The new appreciation of previously dismissed types of work may be short lived, and their ongoing fight for a living wage is certainly not won. However, this crisis has opened a space in which broader conversations about the value of the work of someone like Rose may become unavoidable. If the lessons of these hotels are to be translated to national politics, it is that we cannot afford to return to the pre-COVID economy that tolerated people like Rose not receiving a living wage and rough sleepers lining Auckland Queen Street while warm rooms and homes sit empty.
Being of South-East Asian background growing up in Australia, these types of comments are not something unfamiliar to me. I have grappled with race and culture many times and I expect that battle to continue long into the future. It’s not the comparisons that bother me. It’s not about the person I’m being compared to. It’s the fact that I’m even being compared. That I’m not me, but rather I am reduced to how I look or who I resemble. I don’t get to define myself anymore. That’s the part that bothers me. After all, it happens to everyone, right? It is the casual nature of these comments which makes it so problematic. It has become so normalised and so easy to dismiss that I don’t feel like I have a choice to even bring it up.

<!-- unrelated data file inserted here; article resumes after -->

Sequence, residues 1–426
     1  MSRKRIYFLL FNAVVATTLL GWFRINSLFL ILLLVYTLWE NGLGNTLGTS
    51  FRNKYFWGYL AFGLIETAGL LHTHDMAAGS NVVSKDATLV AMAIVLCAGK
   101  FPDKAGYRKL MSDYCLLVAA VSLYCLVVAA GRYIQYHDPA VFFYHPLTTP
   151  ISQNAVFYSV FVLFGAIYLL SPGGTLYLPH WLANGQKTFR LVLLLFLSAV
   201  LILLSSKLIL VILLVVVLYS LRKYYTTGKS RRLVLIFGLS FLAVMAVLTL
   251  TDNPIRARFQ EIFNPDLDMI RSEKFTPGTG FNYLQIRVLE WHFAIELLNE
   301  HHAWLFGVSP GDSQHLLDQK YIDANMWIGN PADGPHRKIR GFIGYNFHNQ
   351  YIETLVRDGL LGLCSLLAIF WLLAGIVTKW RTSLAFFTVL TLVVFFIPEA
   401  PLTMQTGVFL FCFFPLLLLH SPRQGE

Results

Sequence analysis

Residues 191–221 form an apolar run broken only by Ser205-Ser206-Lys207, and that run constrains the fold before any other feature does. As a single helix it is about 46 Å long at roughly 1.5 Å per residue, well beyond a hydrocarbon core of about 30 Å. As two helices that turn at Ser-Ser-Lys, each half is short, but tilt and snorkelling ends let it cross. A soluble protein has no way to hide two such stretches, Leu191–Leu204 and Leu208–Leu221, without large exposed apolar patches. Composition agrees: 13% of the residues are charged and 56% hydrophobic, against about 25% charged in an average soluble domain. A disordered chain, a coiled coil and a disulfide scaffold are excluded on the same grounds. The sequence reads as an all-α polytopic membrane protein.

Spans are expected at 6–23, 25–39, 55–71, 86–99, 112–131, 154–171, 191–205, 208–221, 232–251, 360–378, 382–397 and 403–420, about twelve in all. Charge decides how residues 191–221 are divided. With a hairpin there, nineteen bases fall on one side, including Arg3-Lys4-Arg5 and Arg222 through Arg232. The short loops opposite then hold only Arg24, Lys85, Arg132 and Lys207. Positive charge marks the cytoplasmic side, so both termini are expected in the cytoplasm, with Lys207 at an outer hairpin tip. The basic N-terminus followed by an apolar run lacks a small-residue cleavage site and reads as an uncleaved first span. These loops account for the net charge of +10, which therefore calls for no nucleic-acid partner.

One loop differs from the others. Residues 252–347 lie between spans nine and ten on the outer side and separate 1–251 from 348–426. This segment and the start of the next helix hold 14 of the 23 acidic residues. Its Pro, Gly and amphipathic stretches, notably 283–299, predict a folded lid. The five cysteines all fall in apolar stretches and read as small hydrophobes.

COVID-19 has prompted a renewed awareness of how we use our bodies under “normal” circumstances. COVID-19 is also demanding that we change our bodily behaviors to prevent the spread of the pandemic. This entails both transforming existing techniques and learning new ones. These hygienic practices are all part of a particular set of bodily techniques that Marcel Mauss called “care of the body,” or prescribed, everyday physical acts that serve to maintain the well-being of individuals and to affirm their belonging within broader social communities.
Yesterday, I started an email to my supervisor with the opener “I am wearing shoes today and it seems to make me more productive. How’s it going in your kitchen-office?”